When Fatmata Turay, age 19 was taken to that female circumcision bush in Maboreh chiefdom, Bombali district in Northern Sierra Leone, I wonder if the thought of death had reigned on her mind. Even the thought did, she had no right to defy what tradition has imposed on her. The decision to be cut or not was not hers but the initiators (Soweis).
Perhaps she may have been shrouded by the sounds of the 'bondo' drums being beaten, the sounds of crowds of 'bondo' women singing the most popular 'bondo' song, usually sang in chorus to disguise the overwhelming fear, pain and untold misery the experience brings to the body and soul of victims. The singing and dancing is a disguise to shadow the pain, trauma and violence involved in the procedure. That may have prevented her from thinking about what became her fate.
Sadly she passed after her circumcision. Post-mortem result states she was ill before the initiation. Knowing this why was she forced or cajoled to go through the horrendous process if they knew she was poorly? If at all it was her choice to be cut, didn't the initiators think it was best advised that her surgery was postponed until she felt better? Don't they think her rights to life surpasses that of her 'willingness' to be cut ?
Fatmata's death is not the first, in 2014, a 9 year-old girl died under forced FGM/C in Bongama village in Eastern Sierra Leone. FGM/C deaths have been ongoing for as long as the practice has existed. Meanwhile increased awareness about the impacts of the practice has lead to the recent reporting of it deaths.
Yet, the Soweis are so powerful that they care less about any implications their actions may bring on them. The Bondo society could dictate who the country's next leader would be. For such reason, politicians hardly interfere in their practice. Some have even openly support the practice to woo votes.
However, current special representative of the UN secretary General on sexual violence in conflicts Zainab Hawa Bangura attempted to condemn the practice. This cost her the votes of fellow Sierra Leonean women when she contested in the 1996 presidential election under the Movement of Progress party. She was viewed as one who have gone astray, poisoned by foreign ideologies against our almighty culture.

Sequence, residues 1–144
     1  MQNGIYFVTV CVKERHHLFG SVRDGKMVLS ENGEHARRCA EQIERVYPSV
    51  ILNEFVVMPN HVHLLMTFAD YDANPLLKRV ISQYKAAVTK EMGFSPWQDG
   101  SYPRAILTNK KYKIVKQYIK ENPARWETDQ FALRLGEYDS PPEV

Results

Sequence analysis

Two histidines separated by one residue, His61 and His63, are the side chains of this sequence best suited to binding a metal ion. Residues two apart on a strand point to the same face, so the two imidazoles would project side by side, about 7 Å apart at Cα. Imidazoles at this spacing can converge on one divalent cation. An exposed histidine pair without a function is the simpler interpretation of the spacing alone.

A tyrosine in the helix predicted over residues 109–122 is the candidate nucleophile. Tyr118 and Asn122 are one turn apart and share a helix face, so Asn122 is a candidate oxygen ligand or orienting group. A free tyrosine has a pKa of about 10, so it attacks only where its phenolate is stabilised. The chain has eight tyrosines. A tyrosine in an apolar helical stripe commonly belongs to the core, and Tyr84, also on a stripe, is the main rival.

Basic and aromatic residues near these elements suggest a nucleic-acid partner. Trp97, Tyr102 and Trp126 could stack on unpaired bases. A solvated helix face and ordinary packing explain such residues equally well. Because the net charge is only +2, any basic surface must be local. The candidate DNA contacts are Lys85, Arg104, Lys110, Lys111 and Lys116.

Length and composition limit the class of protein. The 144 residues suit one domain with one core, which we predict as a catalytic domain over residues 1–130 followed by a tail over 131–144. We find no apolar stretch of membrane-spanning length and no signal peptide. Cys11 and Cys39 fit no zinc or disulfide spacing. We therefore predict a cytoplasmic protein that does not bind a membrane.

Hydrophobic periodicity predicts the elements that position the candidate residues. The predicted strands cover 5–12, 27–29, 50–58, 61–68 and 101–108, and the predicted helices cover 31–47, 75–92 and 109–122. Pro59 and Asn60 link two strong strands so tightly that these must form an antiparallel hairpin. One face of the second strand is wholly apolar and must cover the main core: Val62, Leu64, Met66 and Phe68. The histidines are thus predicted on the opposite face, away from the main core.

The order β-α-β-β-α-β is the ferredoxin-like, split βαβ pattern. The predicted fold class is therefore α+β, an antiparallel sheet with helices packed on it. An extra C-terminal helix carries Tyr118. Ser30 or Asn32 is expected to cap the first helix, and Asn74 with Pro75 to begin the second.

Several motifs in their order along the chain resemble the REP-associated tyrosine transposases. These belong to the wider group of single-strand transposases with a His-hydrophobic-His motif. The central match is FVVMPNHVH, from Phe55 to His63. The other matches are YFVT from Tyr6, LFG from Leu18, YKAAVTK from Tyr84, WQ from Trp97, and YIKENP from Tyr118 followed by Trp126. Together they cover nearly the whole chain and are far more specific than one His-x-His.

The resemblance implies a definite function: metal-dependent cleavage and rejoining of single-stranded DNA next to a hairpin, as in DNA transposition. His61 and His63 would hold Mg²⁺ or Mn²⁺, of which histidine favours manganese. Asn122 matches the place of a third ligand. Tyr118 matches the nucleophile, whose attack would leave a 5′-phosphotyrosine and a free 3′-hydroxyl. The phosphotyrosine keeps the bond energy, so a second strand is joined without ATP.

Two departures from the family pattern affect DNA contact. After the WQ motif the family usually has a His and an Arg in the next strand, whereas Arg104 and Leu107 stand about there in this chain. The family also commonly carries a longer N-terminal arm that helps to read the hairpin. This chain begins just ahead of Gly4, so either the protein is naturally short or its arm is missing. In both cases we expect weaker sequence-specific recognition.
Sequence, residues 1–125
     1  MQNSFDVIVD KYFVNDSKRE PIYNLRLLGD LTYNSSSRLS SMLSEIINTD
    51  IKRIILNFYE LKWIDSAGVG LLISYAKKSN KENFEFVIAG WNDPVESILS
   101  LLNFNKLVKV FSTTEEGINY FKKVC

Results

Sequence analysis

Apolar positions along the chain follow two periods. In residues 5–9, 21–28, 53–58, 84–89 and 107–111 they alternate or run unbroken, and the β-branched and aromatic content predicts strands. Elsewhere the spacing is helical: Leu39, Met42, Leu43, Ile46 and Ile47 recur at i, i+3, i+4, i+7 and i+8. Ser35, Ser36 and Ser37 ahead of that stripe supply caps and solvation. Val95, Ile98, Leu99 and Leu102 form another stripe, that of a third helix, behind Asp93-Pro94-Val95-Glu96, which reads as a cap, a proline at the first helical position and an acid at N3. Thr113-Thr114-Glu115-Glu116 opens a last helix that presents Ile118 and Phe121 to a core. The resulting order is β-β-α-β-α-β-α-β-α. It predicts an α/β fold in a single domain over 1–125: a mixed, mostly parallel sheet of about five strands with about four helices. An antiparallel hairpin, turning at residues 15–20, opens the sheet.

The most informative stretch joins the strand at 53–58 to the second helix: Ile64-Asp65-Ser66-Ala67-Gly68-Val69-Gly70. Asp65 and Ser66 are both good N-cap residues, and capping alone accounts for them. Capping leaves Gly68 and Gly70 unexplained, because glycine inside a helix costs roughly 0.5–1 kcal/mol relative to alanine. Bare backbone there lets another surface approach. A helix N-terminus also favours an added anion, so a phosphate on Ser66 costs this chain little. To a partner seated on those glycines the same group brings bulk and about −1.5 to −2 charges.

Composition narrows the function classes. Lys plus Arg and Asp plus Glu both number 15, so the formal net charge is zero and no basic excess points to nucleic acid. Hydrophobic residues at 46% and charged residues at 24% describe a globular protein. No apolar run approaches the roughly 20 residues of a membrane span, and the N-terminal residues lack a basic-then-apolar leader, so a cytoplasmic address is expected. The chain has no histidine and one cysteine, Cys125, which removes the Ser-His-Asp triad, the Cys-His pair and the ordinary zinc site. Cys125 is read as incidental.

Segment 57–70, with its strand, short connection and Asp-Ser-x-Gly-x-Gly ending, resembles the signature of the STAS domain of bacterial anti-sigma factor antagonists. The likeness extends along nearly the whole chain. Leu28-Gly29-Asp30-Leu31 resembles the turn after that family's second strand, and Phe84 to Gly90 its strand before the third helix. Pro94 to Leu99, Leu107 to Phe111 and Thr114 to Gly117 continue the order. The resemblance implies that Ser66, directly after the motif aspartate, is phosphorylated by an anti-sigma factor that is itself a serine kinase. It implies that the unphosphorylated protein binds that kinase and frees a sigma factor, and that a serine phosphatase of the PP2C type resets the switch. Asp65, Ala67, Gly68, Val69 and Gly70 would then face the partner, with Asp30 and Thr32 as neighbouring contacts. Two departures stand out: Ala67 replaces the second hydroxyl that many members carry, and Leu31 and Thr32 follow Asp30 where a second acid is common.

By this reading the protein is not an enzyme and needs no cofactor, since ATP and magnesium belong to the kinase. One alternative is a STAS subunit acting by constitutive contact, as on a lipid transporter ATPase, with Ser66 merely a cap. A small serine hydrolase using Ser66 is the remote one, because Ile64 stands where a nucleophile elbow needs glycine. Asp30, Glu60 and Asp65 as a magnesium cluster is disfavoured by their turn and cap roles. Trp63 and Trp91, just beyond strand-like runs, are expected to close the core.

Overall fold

Madam Bangura is tipped to succeed incumbent president Ernest Bai Koroma. She still holds very strongly to her stance regarding FGM/C. Her contesting and winning the 2018 election is crucial towards ending the FGM/C in Sierra Leone. Well, hopefully.
When current gender Minister Dr Sylvia Blyden and her deputy Rugiatu Neneh Turay were appointed, hopes were high among activists that the time was nigh for the end of FGM/C in the country. Madam Turay is well known for her anti-FGM/C campaign while Dr Blyden is renown for her stance on women's rights.
Unfortunately, this has not been the case. Dr Blyden believes FGM/C should be a choice and not imposed on any girl under the age of 18. Meanwhile, everyone in Sierra Leone knows that a girl or woman can be under the control of the adults around her well after age 18.
Dr Blyden who is a medical doctor helped in Fatmata's post-mortem and was swift to announce that the 19 year old died of causes other than FGM/C. Even though the post-mortem results exonerate the three initiators and a nurse whom were previously arrested following Fatmata's death, it still didn't justify her death especially knowing she was not in good health prior to her initiation. Will Fatmata's death change the FGM/C debate in Sierra Leone? Will her death calls for prior medical assessment on future initiates?
FGM/C is still legal in Sierra Leone despite several open commitment by successive governments to make it illegal. Yet a ban on it during the Ebola outbreak is still in place even though it's not being adhered to by initiators (Soweis). Yet, the minister didn't think the initiators should be held culpable for Fatmata's death. I wonder why.
According to Unicef FGM/C affects nine in ten Sierra Leonean women and girls . Meanwhile it is believed that Fatmata's death is one of many hidden FGM/C deaths in rural areas that are unreported.
While I wish for a time women and girls will be protected from forced FGM/C, the launch this week of the 'Not In My Name' anti-FGM/C campaign by three organizations; Equality Now, ProjectAcei and the Girls Empowerment Summit Sierra Leone renewed my hopes about the end of FGM/C in Sierra Leone. Hopefully, Fatmata's death will help boost the campaign and a change in the FGM/C debate for the good of victims.
This post was submitted in response to Share Your Story On Any Topic.